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User fees for Red Cliffs could go up

Published January 17, 2013 4:40 pm

Recreation • BLM draft plan would more than double cost of visiting desert area.
This is an archived article that was published on sltrib.com in 2013, and information in the article may be outdated. It is provided only for personal research purposes and may not be reprinted.

The Bureau of Land Management has released a draft business plan for the Red Cliffs Recreation Area that would more than double user fees to help cover the cost of operating this scenic destination 15 miles north of St. George.

Thousands visit this 1,209-acre piece of desert around the mouth of Cottonwood Canyon near Leeds, paying $2 per carload and $8 to camp. Set in a cottonwood grove beside Quail Creek, the area includes trailheads, a day-use area and a 12-site campground. BLM proposes raising the per-car fee to $5 for day use and $15 for camping, still cheaper than Snow Canyon State Park and Zion National Park, but a little steeper than other Washington County state parks and national forests campgrounds.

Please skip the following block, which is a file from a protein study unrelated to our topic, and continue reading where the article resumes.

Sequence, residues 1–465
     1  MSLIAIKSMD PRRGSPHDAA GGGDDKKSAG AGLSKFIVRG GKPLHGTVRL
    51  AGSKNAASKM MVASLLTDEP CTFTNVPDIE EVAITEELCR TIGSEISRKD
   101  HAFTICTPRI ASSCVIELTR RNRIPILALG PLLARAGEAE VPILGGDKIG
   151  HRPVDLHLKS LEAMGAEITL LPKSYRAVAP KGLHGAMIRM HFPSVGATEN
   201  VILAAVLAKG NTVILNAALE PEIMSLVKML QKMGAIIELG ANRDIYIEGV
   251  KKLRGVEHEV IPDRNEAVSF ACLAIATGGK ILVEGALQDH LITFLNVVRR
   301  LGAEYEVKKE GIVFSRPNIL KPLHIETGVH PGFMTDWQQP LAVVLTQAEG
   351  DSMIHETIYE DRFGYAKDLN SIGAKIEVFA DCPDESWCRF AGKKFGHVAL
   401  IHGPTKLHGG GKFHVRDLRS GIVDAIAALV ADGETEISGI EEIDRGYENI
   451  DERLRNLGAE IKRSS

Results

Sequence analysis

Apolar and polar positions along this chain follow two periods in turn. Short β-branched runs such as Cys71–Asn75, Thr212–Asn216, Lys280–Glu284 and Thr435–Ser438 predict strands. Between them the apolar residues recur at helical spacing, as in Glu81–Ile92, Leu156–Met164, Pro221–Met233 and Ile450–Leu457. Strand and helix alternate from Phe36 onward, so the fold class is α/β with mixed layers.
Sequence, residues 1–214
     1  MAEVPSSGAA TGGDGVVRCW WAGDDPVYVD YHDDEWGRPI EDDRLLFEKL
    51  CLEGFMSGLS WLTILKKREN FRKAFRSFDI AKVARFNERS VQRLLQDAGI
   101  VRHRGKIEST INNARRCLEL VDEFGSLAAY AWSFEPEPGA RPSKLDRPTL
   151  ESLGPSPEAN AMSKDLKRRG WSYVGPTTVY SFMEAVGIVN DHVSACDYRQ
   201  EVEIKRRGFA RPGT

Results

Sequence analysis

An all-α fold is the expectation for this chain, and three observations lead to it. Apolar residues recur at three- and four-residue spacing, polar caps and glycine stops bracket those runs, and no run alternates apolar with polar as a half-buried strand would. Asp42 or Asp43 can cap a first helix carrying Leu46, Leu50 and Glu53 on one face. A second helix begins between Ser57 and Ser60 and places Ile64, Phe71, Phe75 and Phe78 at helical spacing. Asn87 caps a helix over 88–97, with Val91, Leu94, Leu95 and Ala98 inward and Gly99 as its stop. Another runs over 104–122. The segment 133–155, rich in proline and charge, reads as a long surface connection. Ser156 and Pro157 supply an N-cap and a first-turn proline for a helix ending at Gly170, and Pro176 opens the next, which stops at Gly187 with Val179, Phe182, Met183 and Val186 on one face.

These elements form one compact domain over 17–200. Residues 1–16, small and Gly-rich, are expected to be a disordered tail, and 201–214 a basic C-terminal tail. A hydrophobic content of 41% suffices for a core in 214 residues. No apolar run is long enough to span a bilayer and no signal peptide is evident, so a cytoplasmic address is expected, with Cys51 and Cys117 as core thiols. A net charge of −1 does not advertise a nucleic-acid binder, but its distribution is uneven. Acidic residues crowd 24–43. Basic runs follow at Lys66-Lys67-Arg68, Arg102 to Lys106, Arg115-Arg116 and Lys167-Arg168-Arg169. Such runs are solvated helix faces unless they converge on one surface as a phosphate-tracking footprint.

This area, named for the deep hues of Navajo sandstone dominating the landscape, is located within the much larger Red Cliffs National Conservation Area, a swath of sensitive BLM-administered canyonlands and steppes hugging the southern fringes of the Pine Valley Mountains.

Visitation has climbed steadily over the past five years, reaching almost 38,000 last year and peaking every April. Over each of the past two years, the recreation area has generated more than $32,000, which covers only about one-fourth of the actual operating costs, according to the proposed plan.

The plan's goal is to generate enough revenue to cover all the costs associated with contracted services and materials, as well as fund upgrades. The plan also proposes offering an annual day-use pass for $75, or $35 for seniors, which aligns with what three nearby state parks charge.

The business plan also calls for adjusting the fee area boundaries so that visitors to the nearby White Reef Park would be charged. This change, along with the fee hike, would generate about $6,000.

Citizens may comment on the proposed changes by sending an email to kvoyles@blm.gov by Feb. 8.





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